MuniLand

There is no municipal CDS market

By Cate Long
January 12, 2012

California Treasurer Bill Lockyer, who is responsible for issuing new debt for the state, takes a lot of interest in the price of California’s municipal credit default swaps. The price of muni CDS can affect the cost of issuing new debt, since some investors use muni CDS as a pricing benchmark. But new work published by risk-management firm Kamakura suggests that there is no real market for municipal CDS and prices are generated primarily by broker-dealers posting their best estimates. If a specialty market is just a matter of a few dealers privately sending quotes back and forth, is it a real market? I’m not sure that it is.

There was a big story last June about Treasurer Lockyer rooting out some inconsistencies in muni CDS prices. He noticed that there was a sudden drop in the day-to-day price of the CDS used to insure California’s bonds. Katy Burne of Dow Jones reported in June:

California’s state treasurer is looking into what he believes were erroneous prices reported last month for credit-default swaps tied to the state’s debt.

The annual cost of protecting $10 million of California debt against default over the next five years fell by $45,000 from one day to the next last month, an extraordinarily big overnight move. Tom Dresslar, a spokesman for Treasurer Bill Lockyer, said that CMA Datavision provided the prices to Bloomberg’s fixed-income data service.

Lockyer suspects the cost of credit-default swaps, which are expressed as a percentage of the amount of debt covered, was artificially high before the adjustment.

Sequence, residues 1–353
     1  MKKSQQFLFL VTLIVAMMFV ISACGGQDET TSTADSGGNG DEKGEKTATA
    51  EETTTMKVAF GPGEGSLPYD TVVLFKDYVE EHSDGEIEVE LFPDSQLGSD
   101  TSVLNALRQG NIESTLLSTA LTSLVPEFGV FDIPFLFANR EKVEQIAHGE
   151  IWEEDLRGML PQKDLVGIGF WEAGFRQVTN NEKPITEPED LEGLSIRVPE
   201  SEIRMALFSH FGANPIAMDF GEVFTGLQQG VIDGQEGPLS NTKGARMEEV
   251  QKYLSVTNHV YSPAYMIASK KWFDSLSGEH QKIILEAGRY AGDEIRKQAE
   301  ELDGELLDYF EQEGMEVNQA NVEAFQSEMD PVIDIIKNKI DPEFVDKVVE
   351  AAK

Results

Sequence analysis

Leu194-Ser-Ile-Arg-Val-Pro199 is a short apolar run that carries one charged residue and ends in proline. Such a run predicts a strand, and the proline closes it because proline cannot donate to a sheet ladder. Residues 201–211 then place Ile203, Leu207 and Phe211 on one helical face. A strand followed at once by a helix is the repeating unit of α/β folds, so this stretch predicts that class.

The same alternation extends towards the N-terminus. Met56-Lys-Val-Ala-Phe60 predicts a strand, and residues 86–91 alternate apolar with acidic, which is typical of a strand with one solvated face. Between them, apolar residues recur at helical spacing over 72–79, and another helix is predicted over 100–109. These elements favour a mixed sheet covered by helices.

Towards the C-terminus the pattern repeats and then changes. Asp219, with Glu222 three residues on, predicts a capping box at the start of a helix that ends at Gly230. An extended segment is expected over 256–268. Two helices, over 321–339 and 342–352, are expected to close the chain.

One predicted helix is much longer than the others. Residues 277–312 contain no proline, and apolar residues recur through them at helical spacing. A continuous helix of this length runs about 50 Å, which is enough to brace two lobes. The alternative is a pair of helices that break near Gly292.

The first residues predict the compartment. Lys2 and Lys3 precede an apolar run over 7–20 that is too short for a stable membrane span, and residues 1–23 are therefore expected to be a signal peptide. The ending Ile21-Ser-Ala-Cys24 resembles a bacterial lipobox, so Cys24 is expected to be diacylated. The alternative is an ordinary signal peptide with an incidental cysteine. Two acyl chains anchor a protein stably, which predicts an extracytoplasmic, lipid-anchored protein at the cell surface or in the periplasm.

“To the extent our prices are wrong, particularly if they are on the high side, that presents an inaccurate picture of our creditworthiness, at least in some corners,” said Dresslar in an interview Tuesday.

The sharp-eyed treasurer noticed the pricing blip, which could have been either an error — a trader’s attempt to recalibrate the CDS in one shot — or the result of a real sale rather than just best-estimate price quotes. I noticed the same thing for eight states whose muni CDS blew out in December. During that time the muni CDS for New York State leaped 17 percent in one day. This suggests that the market was very thinly traded and when a seller showed up to unload securities, not many were there to buy them. In this case the buyer has a very strong advantage and can force a deep discount to “help out” a panicked seller.

The newly published work of Kamakura confirms that muni CDS markets are very, very thinly traded. In their groundbreaking work Kamakura showed that almost no real trades happen within the municipal CDS markets, and the few trades that do happen are between broker-dealers. Kamakura found:

  • The median number of non-dealer trades per day over the 77-week period among the 9 municipal reference names was 0.06.
  • The highest average number of non-dealer trades per day for the full 77-week period among the 9 municipal reference names was 0.36.

“We find, unfortunately, that (in the words of Gertrude Stein) ‘there is no there there,’” Kamakura says. With a median of only 0.06 of trades per day being done by non-dealers, I would definitely say there is nothing there.

CDS markets trade over-the-counter with no public reporting of trade data. They are the ultimate dark markets. Both CMA Datavision and Markit are private data vendors that receive muni CDS quotes from broker-dealers and aggregate them into published market prices. But what is never known is how much of the price quotes represent real trade executions, versus dealers just throwing quotes out there.

When Treasurer Lockyer is ready to bring one of his state’s gargantuan bond issues to market, he wants to pay the lowest yield possible on the bonds. Given how little real trading is going on in his state’s muni CDS, why should he trust the benchmark at all? It would be very easy for a few dealers to raise his borrowing costs artificially by raising their CDS quotes. And we’ve seen recently in dark muniland markets how these types of things can happen. We need light on this market, or we need it to go away. There is no municipal CDS market, Treasurer Lockyer.

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